New test sites for ‘Bairns’ Hoose’ to be set up.
Children and young people in the justice system will soon be able to benefit from coordinated, comprehensive support under one roof thanks to a £6 million investment in setting up Bairns' Hoose test sites.
A key action from The Promise, the creation of Bairns’ Hoose test sites will ensure a range of trauma-informed support is available to child victims and witnesses, aiming to improve their experience of the justice system and reduce stress when recounting their experiences.
Healthcare including therapeutic support, child protection, recovery and justice services will be available at Bairns' Hoose such as:
- assessment of protection needs and involving the child in decisions that affect them
- police and social work led joint investigative interviews, including deployment of the new Scottish Child Interview Model, to ensure vulnerable children are able to share evidence at the earliest opportunity and minimising the risk of further trauma
- health and wellbeing assessments
- counselling services that provide support for both the child and wider family
Children below the age of criminal responsibility, whose behaviour has caused harm, will also have access to Bairns’ Hoose.
Local authorities, health boards, police and third sector organisations will be required to partner together to apply for a share of the £6 million fund in 2023-24 – with further investment proposed in the future. Five multi-agency test sites are expected to be created with learning from the sites providing a blueprint for a full pilot of Bairns’ Hoose in 2025.
Minister for Children, Young People and Keeping the Promise Natalie Don said:
“The creation of Bairns’ Hoose is a key action in Keeping the Promise and I would like to pay tribute to the determination and resilience to everyone who has contributed their expertise and time to help bring the Barnahus model to Scotland.
“The experiences of the children who will access Bairns’ Hoose are in many cases absolutely appalling and ones which nobody, let alone a child, should have to go through.
“We want to prevent children being retraumatised and to improve the experience of the justice and care processes for children and families. These test sites will trial what a Bairns’ Hoose could mean in reality for children and their families, as well as for the professionals who will work to support with them. This funding marks a significant step in the development of Bairns’ Hoose in Scotland, and offers us a chance to provide wrap around care, recovery and justice for children in a way which best responds to their trauma, needs and circumstances.”
Independent Chair of the National Bairns' Hoose Governance group Val de Souza said:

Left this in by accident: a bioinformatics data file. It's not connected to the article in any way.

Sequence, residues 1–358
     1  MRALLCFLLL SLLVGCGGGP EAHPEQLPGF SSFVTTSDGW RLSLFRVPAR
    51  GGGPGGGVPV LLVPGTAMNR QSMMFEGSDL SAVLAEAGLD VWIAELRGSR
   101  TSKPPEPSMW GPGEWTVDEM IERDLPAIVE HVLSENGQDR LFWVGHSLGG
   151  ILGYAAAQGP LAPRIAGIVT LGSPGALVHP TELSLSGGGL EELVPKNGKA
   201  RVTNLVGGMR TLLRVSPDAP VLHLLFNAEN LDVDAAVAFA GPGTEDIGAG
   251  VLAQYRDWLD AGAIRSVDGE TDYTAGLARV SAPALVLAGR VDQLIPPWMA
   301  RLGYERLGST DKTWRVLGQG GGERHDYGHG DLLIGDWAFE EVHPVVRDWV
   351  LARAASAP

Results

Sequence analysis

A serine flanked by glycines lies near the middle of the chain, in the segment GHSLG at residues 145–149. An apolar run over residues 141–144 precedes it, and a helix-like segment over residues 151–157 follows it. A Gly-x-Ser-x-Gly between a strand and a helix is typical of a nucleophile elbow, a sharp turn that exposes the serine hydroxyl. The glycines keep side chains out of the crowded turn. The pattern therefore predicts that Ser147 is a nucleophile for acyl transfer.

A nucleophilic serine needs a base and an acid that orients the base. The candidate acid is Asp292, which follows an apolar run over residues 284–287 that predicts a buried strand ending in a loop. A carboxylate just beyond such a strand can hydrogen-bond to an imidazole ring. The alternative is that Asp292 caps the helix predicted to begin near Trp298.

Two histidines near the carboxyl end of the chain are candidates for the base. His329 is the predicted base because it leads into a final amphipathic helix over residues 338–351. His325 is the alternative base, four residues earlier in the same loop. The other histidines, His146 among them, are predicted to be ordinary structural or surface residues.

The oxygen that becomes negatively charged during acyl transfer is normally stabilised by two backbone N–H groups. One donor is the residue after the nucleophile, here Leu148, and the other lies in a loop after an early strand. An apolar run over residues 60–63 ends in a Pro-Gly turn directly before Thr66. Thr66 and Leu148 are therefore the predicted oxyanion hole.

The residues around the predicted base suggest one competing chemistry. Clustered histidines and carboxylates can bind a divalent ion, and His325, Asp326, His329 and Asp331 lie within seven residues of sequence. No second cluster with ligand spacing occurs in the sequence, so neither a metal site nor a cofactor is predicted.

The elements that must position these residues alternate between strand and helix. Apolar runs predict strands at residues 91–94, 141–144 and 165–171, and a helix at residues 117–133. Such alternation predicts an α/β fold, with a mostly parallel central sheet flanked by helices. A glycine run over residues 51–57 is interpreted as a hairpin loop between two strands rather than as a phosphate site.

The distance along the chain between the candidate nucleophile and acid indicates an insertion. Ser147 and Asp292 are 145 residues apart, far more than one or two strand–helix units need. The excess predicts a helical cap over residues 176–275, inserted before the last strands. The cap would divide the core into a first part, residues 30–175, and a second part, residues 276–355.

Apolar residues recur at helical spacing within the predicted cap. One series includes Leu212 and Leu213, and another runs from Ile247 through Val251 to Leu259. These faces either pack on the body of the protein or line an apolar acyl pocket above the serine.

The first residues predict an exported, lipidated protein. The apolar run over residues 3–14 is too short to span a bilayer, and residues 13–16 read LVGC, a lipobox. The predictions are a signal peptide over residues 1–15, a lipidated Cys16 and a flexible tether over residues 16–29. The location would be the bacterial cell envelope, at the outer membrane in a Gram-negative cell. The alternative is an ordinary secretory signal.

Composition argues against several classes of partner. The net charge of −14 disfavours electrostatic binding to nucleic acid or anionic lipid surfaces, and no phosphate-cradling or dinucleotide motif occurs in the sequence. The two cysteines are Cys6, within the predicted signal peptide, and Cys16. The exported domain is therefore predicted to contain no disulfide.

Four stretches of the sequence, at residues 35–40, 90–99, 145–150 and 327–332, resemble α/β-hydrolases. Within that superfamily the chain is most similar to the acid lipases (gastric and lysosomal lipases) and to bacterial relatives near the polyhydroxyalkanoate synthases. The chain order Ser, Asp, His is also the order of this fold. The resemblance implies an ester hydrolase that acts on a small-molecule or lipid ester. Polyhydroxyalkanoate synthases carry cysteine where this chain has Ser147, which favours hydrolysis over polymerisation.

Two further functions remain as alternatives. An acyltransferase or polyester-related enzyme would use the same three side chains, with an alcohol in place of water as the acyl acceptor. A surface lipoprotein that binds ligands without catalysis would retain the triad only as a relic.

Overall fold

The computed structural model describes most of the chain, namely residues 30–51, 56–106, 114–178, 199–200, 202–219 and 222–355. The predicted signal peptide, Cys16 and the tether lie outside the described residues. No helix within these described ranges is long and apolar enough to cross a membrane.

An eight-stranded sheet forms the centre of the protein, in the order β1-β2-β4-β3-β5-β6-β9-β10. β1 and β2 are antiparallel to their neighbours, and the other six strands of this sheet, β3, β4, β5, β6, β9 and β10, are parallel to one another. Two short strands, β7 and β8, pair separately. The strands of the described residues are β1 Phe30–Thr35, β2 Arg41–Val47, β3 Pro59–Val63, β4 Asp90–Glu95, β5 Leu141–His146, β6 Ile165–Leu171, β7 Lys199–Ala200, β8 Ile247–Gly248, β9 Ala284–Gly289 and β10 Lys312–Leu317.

“Following years of hard work this is the first tangible, major milestone that has been realised in the implementation of a Scottish Barnahus model - Bairns’ Hoose. Now that the standards are published I very much look forward to being involved in the Pathfinder phase and shaping the implementation of Bairns’ Hoose across Scotland and seeing real life improvements being made to the experiences of children and young people.”
Director of Evidence and Digital for Healthcare Improvement Scotland Safia Qureshi said:
“Throughout the development of the standards, it was important to us that young people were at the heart of every aspect of our work. The young people offered vital advice and opinions throughout the process and were instrumental in the development of the standards. They told us what's important to them and we listened.
"The standards set out what a Bairns’ Hoose will mean for children, young people and their families. They also explain the role of the professionals who support them. Now, we must all work together to ensure that the standards help to improve how children and young people experience recovery, support and justice in Scotland.”
Chief Executive of the Care Inspectorate Jackie Irvine said:
“The Care Inspectorate is proud to have partnered with Healthcare Improvement Scotland to develop the Bairns’ Hoose Standards. We also commend the significant efforts of partner agencies, and children and families with lived experience, who contributed to this important work.
“It will deliver transformative change by supporting children who have experienced or witnessed abuse in Scotland with professionals working together ‘under one roof’ covering protection, health, recovery and justice services, and with consistent therapeutic support available throughout.
“Establishing a network of Bairns’ Hooses will help us to collectively uphold the rights of children and families to compassionate and effective intervention and support in line with the UNCRC and Promise principles.”
Further information on Bairns’ Hoose.
‘Barnahus’ is based on the Child Advocacy Model adopted in the US in the 1980s and was first implemented in Iceland in 1998, followed by other Nordic countries and is now being widely adopted across Europe. Bringing the ‘Barnahus’ model to Scotland has been a long standing and crosscutting policy ambition, as set out in the Programme for Government 2022-2023. It is key action in the Keeping the Promise Implementation Plan and Best Start, Bright Futures: Tackling Child Poverty Delivery Plan 2022 to 2026, in addition to achieving the Vision for Justice.
The Scottish Child Interview Model has been developed and assessed by Social Work Scotland, Local authorities and Police Scotland in a series of pilot projects.
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